This cross-domain expertise and mutual understanding then truly comes to bear, as the project team have the unenviable task of using their new process understanding and priority list to shortlist and select a PLM solution. With more than fifty catering to our industry alone, this is a contentious topic, and one on which volumes have been written elsewhere on WhichPLM. It’s a topic I don’t intend to cover here, except to say that once this coven of internal stakeholders has chosen the right vendor and nailed down the scope of the change they find themselves managing, the real “fun” can begin.
Thinking ahead, in our terms, means defining an implementation plan since, as we’ve seen, you can’t change everything at once.
A good implementation plan should encompass multiple phases: the first based on immediate needs (the “low-hanging fruit” identified in your process discussions), the second on near-future requirements, and the third (and possibly fourth, fifth, sixth and beyond) on the long-term strategic vision that galvanised the entire change process to begin with.
This is a tall order, to be sure, and is the most likely stage for your internal project team to begin questioning whether they have bitten off more than they can chew. Like it or not, they will now be the “go to” group for questions, for final decisions on configuration, for training requests, and for user support.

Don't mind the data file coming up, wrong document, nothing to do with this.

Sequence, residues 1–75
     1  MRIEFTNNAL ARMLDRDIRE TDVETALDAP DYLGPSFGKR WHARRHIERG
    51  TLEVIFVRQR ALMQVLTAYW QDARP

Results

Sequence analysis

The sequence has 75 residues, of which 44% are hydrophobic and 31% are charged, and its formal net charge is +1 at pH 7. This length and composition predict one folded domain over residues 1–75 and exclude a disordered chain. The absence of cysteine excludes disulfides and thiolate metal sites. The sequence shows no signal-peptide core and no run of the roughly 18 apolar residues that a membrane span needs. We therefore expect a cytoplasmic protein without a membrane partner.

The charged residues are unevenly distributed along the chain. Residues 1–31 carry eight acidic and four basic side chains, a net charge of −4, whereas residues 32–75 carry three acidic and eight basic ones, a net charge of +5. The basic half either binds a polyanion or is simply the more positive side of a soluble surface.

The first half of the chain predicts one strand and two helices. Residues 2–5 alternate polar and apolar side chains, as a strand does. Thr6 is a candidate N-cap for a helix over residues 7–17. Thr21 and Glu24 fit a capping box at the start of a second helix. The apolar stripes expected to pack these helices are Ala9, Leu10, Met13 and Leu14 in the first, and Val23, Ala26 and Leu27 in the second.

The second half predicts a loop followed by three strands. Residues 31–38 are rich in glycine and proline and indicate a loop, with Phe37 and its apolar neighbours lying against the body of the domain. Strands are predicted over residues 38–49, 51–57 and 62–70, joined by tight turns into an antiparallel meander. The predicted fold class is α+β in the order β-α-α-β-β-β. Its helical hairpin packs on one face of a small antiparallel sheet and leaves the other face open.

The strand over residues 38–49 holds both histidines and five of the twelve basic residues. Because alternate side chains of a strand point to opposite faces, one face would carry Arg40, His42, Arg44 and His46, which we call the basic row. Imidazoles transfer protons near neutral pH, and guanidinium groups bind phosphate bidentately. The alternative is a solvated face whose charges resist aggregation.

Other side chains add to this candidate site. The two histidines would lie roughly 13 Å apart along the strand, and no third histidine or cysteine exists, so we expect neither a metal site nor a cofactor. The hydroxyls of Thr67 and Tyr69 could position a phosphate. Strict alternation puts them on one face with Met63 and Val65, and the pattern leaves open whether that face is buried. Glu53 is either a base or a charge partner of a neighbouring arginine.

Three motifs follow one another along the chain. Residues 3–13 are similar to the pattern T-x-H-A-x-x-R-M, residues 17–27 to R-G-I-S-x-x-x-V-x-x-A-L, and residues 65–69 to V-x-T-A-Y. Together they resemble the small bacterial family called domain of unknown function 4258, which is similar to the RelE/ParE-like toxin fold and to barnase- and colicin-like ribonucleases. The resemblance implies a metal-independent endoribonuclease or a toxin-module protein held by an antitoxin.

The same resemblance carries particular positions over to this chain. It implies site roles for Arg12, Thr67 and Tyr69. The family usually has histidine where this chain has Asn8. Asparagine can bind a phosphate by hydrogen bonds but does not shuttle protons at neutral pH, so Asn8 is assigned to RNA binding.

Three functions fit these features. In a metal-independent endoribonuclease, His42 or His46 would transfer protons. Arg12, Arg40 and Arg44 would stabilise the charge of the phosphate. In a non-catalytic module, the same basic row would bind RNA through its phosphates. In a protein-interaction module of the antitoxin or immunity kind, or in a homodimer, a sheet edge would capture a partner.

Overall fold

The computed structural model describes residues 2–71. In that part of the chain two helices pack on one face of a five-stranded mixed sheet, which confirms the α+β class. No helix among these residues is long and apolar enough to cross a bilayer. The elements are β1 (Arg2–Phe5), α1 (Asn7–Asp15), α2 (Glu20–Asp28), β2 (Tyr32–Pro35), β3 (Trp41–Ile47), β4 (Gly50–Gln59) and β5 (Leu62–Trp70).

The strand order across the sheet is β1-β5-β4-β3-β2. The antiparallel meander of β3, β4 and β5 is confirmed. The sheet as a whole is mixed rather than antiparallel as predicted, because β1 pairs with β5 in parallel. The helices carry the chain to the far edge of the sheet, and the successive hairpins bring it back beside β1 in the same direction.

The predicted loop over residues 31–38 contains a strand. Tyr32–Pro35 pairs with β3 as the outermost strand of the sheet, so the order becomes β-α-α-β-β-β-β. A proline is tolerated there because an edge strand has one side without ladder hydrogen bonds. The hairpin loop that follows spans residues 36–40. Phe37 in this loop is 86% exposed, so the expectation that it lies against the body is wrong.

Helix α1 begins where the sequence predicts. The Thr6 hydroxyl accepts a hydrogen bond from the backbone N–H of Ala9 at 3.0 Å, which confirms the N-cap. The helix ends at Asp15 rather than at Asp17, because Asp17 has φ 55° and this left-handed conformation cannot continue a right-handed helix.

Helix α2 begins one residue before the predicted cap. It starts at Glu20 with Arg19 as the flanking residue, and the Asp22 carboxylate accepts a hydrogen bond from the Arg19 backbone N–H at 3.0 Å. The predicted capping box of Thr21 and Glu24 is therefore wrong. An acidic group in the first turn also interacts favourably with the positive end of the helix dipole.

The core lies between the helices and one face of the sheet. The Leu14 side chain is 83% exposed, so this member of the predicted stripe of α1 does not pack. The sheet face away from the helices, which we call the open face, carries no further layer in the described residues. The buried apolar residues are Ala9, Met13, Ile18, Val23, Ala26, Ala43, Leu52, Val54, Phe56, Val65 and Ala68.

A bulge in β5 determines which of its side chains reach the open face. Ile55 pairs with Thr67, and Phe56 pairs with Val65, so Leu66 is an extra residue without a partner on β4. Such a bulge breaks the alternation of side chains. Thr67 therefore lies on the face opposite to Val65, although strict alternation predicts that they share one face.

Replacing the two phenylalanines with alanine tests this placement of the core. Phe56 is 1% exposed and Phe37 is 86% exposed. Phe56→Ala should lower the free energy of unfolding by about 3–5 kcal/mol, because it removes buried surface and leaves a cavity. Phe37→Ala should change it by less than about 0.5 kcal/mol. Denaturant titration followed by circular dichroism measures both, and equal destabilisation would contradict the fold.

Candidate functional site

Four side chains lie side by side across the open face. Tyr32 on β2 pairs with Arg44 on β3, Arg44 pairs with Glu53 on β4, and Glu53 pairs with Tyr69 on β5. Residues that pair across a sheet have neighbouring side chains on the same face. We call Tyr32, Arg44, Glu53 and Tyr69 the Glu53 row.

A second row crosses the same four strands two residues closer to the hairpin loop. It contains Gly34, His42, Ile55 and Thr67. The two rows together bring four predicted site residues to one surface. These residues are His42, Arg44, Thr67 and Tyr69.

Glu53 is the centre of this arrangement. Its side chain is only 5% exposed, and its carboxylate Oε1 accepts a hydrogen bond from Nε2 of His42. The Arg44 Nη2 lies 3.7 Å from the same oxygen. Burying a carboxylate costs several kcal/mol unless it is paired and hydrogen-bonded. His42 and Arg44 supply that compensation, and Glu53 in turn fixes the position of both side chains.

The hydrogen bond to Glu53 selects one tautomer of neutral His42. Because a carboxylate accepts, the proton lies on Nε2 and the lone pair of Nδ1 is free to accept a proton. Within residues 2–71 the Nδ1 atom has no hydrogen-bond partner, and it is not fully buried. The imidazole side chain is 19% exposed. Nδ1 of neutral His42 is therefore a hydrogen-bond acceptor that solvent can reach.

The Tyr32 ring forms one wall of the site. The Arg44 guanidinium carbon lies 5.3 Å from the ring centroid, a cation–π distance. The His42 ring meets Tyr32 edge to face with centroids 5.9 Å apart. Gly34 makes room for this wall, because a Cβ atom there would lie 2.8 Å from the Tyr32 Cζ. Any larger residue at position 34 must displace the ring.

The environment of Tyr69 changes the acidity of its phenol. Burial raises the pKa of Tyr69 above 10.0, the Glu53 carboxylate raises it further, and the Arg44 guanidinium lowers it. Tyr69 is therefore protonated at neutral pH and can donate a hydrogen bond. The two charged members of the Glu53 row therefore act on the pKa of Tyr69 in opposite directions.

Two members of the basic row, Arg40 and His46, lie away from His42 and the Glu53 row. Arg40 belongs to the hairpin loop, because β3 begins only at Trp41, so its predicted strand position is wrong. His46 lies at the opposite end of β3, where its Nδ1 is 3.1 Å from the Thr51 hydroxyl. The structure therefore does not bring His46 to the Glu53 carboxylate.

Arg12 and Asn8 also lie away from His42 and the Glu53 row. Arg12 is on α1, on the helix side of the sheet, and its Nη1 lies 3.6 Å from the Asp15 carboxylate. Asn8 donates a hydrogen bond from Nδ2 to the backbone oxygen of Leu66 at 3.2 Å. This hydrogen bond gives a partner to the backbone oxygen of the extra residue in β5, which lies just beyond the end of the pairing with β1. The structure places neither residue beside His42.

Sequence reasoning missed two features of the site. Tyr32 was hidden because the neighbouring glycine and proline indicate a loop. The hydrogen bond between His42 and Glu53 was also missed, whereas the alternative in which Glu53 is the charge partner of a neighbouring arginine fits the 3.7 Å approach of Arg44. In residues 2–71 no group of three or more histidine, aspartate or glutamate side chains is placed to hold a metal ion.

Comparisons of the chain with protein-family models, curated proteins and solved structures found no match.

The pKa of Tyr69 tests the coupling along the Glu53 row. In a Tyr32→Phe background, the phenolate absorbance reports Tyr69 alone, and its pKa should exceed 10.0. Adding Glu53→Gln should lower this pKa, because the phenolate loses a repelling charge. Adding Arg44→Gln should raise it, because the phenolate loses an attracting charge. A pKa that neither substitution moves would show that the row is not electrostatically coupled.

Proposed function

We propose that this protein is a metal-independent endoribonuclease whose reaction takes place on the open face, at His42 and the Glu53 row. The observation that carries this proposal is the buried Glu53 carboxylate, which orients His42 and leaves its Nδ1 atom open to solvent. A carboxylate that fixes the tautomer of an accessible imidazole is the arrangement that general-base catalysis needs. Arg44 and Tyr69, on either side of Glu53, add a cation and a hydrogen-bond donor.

In short, your internal project team are going to be busy!
One of the most vital change management responsibilities (and one that, much to their chagrin, will be delegated to the project team) is ensuring adherence to the immediate phases of the implementation plan, all the while building in logical supports for the phases that will follow.
Finding a suitable system administrator to act as a single point of contact for user queries can help to funnel the workload as the implementation moves forward, but the project team itself must remain active in the decision-making process where implementation phases and scope are concerned. While it’s clearly important to define a scope early on – and stick to it – to avoid “scope creep” and “budget blowout”, the project team must retain some degree of flexibility. As software capabilities become better known, and the true impacts of changing processes become more apparent, it may be that additional process transformations belong in a particular stage, or that others can be postponed until later.